Step 7: Install the filter. Make sure your read the instructions for your filter. Rinse out the filter cartridge and any sponge inserts and place into the filter. IMPORTANT: DO NOT PLUG IN THE FILTER YET!!! Filters are only meant to be run in water, so plugging them in (most filters turn on when they are plugged in, there is no on/off switch usually) will break them.

the filter cartridge

this is the filter intake (the water get sucked up through this part)

Step 8: Rinse off the thermometer (I recommend getting a glass thermometer as opposed to a stick on strip, the glass ones are more accurate and easy to read)

Step 9: Place the thermometer in the tank. The particular kind I have can be free-floating or it can suction to the tank. It is best to suction it to the tank because you will get a more accurate reading. Also make sure you position it on the opposite side from where the heater will be, and do not position it directly in front of the flow from the filter, you will not get accurate readings.

Step 10: Put the your light bulb in the hood of your tank and switch it on to see if it works. (if you have live plants in the aquarium, make sure it is a fluorescent light bulb, this grows plants better than incandescent ones)

(the rest of the room isn't really dark, the camera would only pick up the light from the tank's bulb though.)

Step 10: Rinse off your heater. Be careful! Only rinse parts meant to be wet!!! 

Step 11: Carefully read the instructions for your particular heater. 

Step 12: Place the heater in the aquarium using the included suction cups. IMPORTANT: DO NOT PLUG THE HEATER IN YET!!!! Most heaters are not meant to be operated out of the water, like the filter, if you plug it now with no water in the tank yet, it will break.

Make sure that the max/min water level of the heater will be in the right place. And make sure nothing is directly right in front of the heater, or touching the heater.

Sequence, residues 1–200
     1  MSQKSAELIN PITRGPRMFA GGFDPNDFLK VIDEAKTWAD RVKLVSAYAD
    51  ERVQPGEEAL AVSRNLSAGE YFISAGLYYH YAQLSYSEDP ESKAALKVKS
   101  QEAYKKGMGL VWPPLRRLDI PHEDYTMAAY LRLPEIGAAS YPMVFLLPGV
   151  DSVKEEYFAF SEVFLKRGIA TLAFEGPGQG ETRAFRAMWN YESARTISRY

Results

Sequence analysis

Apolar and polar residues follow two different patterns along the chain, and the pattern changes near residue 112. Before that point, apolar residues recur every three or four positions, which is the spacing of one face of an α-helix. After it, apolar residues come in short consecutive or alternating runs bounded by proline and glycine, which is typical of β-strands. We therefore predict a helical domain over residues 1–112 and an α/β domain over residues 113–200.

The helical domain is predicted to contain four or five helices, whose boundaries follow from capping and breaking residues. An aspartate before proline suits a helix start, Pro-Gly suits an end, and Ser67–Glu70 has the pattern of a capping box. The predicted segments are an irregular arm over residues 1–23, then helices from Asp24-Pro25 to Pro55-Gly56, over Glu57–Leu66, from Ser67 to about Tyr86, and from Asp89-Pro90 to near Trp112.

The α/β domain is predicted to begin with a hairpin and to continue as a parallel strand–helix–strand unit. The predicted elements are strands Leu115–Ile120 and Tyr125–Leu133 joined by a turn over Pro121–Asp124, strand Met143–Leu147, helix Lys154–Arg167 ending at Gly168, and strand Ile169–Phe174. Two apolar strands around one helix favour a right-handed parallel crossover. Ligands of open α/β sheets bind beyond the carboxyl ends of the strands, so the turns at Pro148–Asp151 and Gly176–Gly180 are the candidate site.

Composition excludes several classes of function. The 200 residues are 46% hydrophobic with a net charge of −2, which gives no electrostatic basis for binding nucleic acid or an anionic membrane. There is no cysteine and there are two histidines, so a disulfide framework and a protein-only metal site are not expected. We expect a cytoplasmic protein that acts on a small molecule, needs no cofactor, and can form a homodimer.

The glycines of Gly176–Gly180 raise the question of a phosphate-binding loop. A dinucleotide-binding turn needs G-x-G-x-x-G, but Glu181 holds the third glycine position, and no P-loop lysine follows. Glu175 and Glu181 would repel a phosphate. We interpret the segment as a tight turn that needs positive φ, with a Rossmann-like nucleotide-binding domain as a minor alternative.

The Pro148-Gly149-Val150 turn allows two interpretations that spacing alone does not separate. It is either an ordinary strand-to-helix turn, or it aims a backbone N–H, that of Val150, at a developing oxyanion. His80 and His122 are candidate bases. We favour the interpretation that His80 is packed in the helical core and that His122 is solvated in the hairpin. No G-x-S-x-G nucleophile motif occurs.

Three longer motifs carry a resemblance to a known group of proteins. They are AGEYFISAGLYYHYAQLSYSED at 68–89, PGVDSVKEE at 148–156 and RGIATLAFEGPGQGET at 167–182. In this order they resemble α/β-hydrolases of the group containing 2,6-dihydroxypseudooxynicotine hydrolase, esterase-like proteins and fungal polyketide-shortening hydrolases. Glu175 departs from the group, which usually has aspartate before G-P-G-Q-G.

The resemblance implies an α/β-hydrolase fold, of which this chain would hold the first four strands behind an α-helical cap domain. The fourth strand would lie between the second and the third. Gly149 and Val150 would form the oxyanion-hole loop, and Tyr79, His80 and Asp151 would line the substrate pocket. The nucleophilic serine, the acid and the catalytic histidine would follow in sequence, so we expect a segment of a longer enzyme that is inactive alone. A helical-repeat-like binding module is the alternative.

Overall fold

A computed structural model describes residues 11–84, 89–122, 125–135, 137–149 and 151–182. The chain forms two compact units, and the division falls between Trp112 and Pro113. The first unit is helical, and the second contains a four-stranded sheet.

Step 13: Now you can fill the tank up with water! But first, if you have tap water from a city, you need to use chlorine remover to remove the chlorine and chloramine that is toxic to your fish. (If you have well water, you probably don't need to do this). 

Use the measuring cap normally included to measure out the correct amount according to the instructions on the bottle.

Step 14: Fill up a bucket with water, add the chlorine remover (water conditioner) (if needed), to the water and pour into the tank until the tank is full. (So that you don't displace the plants and gravel pour the water slowly onto an ornament such as a cave or rock. You can also use an upside down plate and pour the water on to that. (just remember to remove the plate when you are finished.

Step 15: Now you can start the tank's cycling process (I will do a post to explain nitrogen cycle, and how to cycle a new aquarium soon). I chose to add a bacterial supplement to start the process. (the supplement helps start a colony of bacteria needed to break down fish waste). If you used water conditioner, make sure the let the water sit for about fifteen minutes before adding the bacteria supplement. (I can't explain why, I have no idea. But that is what all the bottles of water conditioner and bacteria supplement say you should do.) Measure out the correct amount according to the instructions and add to the tank. 

Bacteria need ammonia to breakdown, so you can add a few fish flakes to the water. The flakes will eventually produce ammonia, which the bacteria should breakdown.

Step 16: Now you can plug everything in! (the filter, heater, light, etc.) BUT FIRST: You must install drip loops. Drip loops are simply a loop in a cord, making  the cord go down, then up before it goes to the outlet, so that if the cords get wet (since it is an aquarium that is a pretty good possibility!) the water won't run into the outlet (which is super DANGEROUS!!!)

Because some of mine went into a power strip, I used tape to create drip loops, and I made sure the power strip wasn't anywhere near where it could get wet. If they are just going into a regular outlet you probably don't have to use tape, most cords will be long enough that they will automatically make a loop.